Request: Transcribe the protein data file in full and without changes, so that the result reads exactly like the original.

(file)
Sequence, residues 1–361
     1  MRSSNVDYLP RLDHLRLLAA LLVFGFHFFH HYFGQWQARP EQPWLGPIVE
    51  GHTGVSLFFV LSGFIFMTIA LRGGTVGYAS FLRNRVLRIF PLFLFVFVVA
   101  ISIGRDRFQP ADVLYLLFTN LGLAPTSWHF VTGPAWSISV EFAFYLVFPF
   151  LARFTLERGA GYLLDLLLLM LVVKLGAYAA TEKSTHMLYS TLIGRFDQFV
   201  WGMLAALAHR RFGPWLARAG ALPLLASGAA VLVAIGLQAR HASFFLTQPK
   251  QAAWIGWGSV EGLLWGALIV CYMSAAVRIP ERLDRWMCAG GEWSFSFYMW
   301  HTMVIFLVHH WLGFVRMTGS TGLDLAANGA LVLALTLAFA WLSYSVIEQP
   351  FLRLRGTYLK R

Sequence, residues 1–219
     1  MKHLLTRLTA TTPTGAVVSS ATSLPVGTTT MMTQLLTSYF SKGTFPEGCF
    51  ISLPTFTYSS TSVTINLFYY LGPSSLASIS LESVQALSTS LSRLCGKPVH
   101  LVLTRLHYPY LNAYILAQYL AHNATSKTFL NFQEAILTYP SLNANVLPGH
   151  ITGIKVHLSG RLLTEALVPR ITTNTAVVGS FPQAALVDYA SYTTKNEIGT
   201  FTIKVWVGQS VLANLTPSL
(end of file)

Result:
Sequence, residues 1–361
     1  MRSSNVDYLP RLDHLRLLAA LLVFGFHFFH HYFGQWQARP EQPWLGPIVE
    51  GHTGVSLFFV LSGFIFMTIA LRGGTVGYAS FLRNRVLRIF PLFLFVFVVA
   101  ISIGRDRFQP ADVLYLLFTN LGLAPTSWHF VTGPAWSISV EFAFYLVFPF
   151  LARFTLERGA GYLLDLLLLM LVVKLGAYAA TEKSTHMLYS TLIGRFDQFV
   201  WGMLAALAHR RFGPWLARAG ALPLLASGAA VLVAIGLQAR HASFFLTQPK
   251  QAAWIGWGSV EGLLWGALIV CYMSAAVRIP ERLDRWMCAG GEWSFSFYMW
   301  HTMVIFLVHH WLGFVRMTGS TGLDLAANGA LVLALTLAFA WLSYSVIEQP
   351  FLRLRGTYLK R

Sequence, residues 1–219
     1  MKHLLTRLTA TTPTGAVVSS ATSLPVGTTT MMTQLLTSYF SKGTFPEGCF
    51  ISLPTFTYSS TSVTINLFYY LGPSSLASIS LESVQALSTS LSRLCGKPVH
   101  LVLTRLHYPY LNAYILAQYL AHNATSKTFL NFQEAILTYP SLNANVLPGH
   151  ITGIKVHLSG RLLTEALVPR ITTNTAVVGS FPQAALVDYA SYTTKNEIGT
   201  FTIKVWVGQS VLANLTPSL